Physical Factors That Make Pickleball Addictive
Highly Inclusive and Scalable
Pickleball is a low-impact, easy-to-learn, and play a sport that requires minimal coordination. This doesn't necessarily mean you can pick up a paddle and become a pro overnight - but it does mean that anyone of any age can enjoy pickleball as a recreational activity. This also means the sport can be as challenging or simple as you and your competitors can make it - this is the scalability factor that always keeps the sport challenging and interesting, but never unreasonably unattainable.
High Speed, Attention-Grabbing
Its smaller court size, lighter paddles, and quick ball speed allow for rapid rallies and more chances to hit the ball, making it chocked full of adrenaline moments. Games are short and points are high-intensity. To play, you have to focus, but that isn't challenging because of the pace. It's a stimulating experience where fitness is fun - you forget that you're getting exercise in the process.
Pickleball is a full-body workout, which releases a cocktail of dopamine directly linked to pleasure and reward. With the combination of upper-body movement from swinging the paddle and cardiovascular exercise from chasing down balls, your brain will be flooded with endorphins that make you feel energized, happy, and excited... all the good things.
Social Factors That Make Pickleball Addictive
Pickleball's social aspect is enhanced by its inclusive nature. Players of all ages and skill levels can participate, making it a sport that brings people together. Pickleball also offers a fun and low-pressure environment, where players can interact and connect with each other while getting some exercise.
Doubles is easily the most popular way to play pickleball, which means teamwork is a must. Or something like that... Playing with a partner allows for communication and strategy, making it a great way to bond and connect with others.
Meet New People
Pickleball is rare in that in one moment a player could be reliving their competitive dreams and the next they could be cutting a joke. We're yet to find another sport that builds bridges with opponents in the way that pickleball does. Aside from the opposite side of the court, the influx of public courts has made it easier to meet new players than ever before. Striking up a conversation about shared interests means meeting people isn't anxiety-inducing.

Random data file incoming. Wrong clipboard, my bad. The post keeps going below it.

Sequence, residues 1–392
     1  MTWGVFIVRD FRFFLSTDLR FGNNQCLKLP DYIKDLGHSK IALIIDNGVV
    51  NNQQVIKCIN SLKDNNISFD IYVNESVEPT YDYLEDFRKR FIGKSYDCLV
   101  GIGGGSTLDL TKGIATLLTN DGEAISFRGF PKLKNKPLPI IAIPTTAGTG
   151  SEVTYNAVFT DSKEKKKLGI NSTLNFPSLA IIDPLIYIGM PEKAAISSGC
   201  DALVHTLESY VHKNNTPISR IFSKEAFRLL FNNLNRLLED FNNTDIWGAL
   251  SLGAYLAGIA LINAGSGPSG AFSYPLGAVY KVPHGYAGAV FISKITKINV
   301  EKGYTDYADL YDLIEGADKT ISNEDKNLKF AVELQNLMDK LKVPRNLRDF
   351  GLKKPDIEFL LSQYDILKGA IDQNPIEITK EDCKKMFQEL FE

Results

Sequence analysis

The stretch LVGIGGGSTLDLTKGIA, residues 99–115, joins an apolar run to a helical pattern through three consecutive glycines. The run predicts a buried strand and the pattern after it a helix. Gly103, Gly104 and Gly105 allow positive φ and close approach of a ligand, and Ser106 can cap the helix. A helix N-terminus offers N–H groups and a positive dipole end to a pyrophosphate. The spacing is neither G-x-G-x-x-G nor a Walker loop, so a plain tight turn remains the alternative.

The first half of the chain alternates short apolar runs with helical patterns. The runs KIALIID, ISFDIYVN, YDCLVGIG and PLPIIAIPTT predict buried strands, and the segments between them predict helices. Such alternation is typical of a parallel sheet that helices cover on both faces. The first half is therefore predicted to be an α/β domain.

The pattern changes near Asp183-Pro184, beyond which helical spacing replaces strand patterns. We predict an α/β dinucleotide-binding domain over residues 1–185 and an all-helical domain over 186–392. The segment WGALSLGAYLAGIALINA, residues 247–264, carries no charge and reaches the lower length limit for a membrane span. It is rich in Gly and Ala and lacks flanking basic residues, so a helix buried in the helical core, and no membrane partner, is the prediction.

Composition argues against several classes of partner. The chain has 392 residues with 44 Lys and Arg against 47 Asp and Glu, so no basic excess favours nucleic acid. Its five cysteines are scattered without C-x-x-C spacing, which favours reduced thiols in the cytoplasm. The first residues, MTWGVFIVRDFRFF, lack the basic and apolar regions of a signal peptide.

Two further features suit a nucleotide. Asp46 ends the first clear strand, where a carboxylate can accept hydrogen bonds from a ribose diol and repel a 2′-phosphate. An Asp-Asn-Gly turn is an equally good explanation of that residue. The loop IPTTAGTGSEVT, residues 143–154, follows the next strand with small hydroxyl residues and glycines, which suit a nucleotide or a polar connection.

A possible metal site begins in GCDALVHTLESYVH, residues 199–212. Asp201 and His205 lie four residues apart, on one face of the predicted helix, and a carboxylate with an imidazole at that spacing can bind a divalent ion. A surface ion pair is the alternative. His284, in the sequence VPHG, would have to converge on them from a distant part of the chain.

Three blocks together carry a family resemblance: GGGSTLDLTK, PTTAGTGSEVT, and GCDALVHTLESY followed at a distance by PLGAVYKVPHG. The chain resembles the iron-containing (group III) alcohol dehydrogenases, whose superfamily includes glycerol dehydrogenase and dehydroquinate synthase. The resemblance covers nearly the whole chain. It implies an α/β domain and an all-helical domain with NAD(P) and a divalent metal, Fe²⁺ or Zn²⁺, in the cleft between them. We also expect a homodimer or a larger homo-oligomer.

Psychological Factors That Make Pickleball Addictive
Seeing progress so quickly contributes to the addictiveness of the sport because it caters to all skill levels. Whether you're a beginner or an advanced player, there's always something to learn and improve on. The moment you reach a specific goal, a new one begins. That combined with the inclusivity of the sport keeps players motivated to always improve and keep playing.
Pickleball fosters a sense of belonging and camaraderie among players. It goes back to the inclusive nature of the sport, and you can find this just about anywhere. Whether playing in a local league or pickup game, players form bonds over shared experiences and the love of the game.
Reduces Stress and Anxiety
Reduced stress and anxiety are the outcomes of many factors on this list, but the standouts include physical activity and socialization. Which without coincidence, are the two factors that motivate the majority of players.
Physical activity releases endorphins to boost mood and healthily deal with stress. And playing pickleball with friends and feeling a sense of community builds the positive emotion of belonging.
It's Not An Addiction, It's An Allegiance
The reason why pickleball is so addictive isn't because of any one factor it's the combination of them all. The physical benefits, social aspects, and progress make pickleball an experience unlike any other. It's a sport that rewards effort, connects people through its inclusive nature, and keeps you coming back for more.
So, if you ever catch yourself thinking ‘Why can’t I just stop playing pickleball?’ you now know why. It's not an addiction, it’s an allegiance. Come join us! We'd love to have you...